Egg Pancakes

At some point during week 2 of the Trial That Would Never End, my wife was craving egg pancakes. Egg pancakes are something that I had never heard of, growing up in New Jersey. That is because it is an Iowan food.

And, like most Iowan food, people from Iowa are completely unaware of their food’s regionality. So, the first time Sarah told me about egg pancakes, I was bewildered. And so was she. She couldn’t believe that I hadn’t heard of them.

Since then, I have become a fan of this part-crepe/part-pancake dish. The lovely recipe is from my wife’s mom, who I presume got it from her own mother.

Egg Pancakes

  1. 3 beaten eggs
  2. 1/2 C flour
  3. 1T sugar
  4. 1T oil
  5. 1C milk
The instructions for the egg pancakes are simple, like the recipe for most pancakes are. Mix the ingredients. Pour into a hot, greased pan. Flip, cook some more, roll, and eat.
The key part of egg pancakes is to make them really really thin, which reminds me of crepes. But the batter is unmistakably pancake-y. I like these because I generally think regular pancakes are much too doughy. But the egg pancakes are slightly more savory, due to the egg, and are very light and airy.
Once they’re cooked, my wife then spreads some butter on top and sprinkles some cinnamon. Then, it is rolled up and eaten like a Taco Bell meximelt, if you remember what those looked like before they changed them into a taco shape.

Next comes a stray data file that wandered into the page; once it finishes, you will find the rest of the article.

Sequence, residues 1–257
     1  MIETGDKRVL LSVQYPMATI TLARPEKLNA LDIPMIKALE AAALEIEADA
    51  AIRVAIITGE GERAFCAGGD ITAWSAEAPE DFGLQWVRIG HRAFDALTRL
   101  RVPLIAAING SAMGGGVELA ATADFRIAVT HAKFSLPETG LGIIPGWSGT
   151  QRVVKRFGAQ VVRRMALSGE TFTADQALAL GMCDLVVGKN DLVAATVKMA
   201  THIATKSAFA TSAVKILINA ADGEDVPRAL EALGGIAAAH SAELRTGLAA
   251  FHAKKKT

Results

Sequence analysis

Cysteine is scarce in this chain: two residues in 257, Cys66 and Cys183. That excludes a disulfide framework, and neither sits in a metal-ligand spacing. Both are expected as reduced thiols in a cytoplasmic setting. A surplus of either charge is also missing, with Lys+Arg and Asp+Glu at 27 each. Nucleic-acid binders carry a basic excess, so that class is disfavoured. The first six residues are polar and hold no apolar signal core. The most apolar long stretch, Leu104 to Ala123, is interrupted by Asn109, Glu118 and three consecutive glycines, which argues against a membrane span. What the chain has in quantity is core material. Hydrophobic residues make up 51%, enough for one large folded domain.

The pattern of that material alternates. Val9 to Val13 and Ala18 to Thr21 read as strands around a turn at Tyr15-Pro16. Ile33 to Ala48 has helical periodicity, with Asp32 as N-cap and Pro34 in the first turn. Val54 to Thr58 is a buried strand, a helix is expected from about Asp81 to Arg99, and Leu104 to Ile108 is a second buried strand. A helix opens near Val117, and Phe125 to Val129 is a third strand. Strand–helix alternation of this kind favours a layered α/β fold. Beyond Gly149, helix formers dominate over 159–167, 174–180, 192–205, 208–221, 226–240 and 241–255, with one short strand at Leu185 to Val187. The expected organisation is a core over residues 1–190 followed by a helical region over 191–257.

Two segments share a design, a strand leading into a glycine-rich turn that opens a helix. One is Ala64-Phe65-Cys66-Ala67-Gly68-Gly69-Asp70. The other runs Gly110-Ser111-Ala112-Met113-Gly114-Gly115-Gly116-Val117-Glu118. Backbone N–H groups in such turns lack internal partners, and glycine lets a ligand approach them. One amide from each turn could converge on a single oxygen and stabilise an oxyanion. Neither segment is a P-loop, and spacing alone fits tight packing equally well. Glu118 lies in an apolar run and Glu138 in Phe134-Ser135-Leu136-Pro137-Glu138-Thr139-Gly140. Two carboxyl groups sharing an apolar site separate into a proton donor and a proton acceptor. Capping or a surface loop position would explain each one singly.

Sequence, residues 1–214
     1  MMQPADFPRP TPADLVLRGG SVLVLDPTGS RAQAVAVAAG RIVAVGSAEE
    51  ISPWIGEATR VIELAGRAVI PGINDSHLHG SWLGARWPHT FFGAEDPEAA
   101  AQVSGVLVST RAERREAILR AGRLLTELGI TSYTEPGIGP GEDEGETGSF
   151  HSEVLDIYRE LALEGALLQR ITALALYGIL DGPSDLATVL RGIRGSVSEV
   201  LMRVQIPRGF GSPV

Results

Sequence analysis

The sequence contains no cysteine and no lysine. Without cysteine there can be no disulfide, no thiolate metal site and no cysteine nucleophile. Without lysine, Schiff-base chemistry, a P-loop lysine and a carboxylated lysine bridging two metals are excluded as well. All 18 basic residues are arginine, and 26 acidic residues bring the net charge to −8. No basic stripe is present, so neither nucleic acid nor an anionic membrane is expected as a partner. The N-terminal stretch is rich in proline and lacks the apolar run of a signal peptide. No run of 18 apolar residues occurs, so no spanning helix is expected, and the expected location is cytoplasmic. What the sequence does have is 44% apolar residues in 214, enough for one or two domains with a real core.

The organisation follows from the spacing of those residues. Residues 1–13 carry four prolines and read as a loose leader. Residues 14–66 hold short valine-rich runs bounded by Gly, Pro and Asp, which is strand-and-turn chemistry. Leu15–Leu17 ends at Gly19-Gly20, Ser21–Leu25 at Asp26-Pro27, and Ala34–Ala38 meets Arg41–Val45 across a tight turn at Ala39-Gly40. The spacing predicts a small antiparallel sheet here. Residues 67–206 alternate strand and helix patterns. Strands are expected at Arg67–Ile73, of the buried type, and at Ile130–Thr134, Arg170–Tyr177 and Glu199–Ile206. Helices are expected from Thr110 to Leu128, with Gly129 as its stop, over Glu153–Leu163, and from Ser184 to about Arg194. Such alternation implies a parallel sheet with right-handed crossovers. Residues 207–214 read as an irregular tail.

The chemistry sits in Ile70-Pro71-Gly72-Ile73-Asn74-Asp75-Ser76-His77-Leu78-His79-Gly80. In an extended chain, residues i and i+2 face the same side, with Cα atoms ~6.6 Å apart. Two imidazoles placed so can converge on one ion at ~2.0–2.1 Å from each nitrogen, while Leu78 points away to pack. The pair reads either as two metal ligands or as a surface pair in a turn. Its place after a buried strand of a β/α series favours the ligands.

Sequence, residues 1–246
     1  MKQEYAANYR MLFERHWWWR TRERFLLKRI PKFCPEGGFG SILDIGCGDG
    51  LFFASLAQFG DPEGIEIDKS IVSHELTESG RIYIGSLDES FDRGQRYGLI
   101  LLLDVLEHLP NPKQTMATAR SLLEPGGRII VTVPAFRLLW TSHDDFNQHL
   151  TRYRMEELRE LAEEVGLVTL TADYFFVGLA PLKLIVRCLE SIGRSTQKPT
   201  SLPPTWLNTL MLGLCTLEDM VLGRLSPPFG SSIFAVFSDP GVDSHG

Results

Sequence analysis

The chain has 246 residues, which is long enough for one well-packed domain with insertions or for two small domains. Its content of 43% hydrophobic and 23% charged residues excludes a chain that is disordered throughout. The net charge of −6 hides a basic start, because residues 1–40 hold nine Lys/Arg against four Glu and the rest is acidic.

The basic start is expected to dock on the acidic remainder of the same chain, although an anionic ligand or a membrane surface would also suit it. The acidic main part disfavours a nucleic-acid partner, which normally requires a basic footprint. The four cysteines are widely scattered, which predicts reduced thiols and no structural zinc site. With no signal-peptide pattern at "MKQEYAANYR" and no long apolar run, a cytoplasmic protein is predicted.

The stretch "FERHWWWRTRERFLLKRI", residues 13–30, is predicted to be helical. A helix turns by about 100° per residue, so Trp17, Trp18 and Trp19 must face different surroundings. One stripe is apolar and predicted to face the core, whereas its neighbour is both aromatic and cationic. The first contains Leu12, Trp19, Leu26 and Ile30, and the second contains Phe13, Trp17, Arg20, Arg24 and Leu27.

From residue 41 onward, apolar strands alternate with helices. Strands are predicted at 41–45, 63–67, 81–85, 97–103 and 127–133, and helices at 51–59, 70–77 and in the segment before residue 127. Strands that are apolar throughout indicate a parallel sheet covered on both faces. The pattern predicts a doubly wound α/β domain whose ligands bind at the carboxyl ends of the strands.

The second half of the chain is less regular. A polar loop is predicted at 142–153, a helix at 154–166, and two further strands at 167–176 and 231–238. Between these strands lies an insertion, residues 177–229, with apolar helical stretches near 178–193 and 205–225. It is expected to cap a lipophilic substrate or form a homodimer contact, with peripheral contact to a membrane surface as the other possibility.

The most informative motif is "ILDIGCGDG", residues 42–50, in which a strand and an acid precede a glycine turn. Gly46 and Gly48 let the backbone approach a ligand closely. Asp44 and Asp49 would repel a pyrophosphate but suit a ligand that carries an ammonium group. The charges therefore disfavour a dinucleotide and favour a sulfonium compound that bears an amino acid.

My wife tells me that, growing up, her mom would make these and serve them for dinner. This is bizarre to me because they are pancakes and they taste like a chewy Cinnamon Toast Crunch. But, I suppose breakfast for dinner is, and always was, pretty popular, so I let it go. What’s ironic though, is that Sarah can’t seem to get over how Koreans eat dinner-type foods for breakfast.

Leave a comment

Filed under iowanDelicacies, recipes

Leave a Reply

Fill in your details below or click an icon to log in: Logo

You are commenting using your account. Log Out /  Change )

Google+ photo

You are commenting using your Google+ account. Log Out /  Change )

Twitter picture

You are commenting using your Twitter account. Log Out /  Change )

Facebook photo

You are commenting using your Facebook account. Log Out /  Change )


Connecting to %s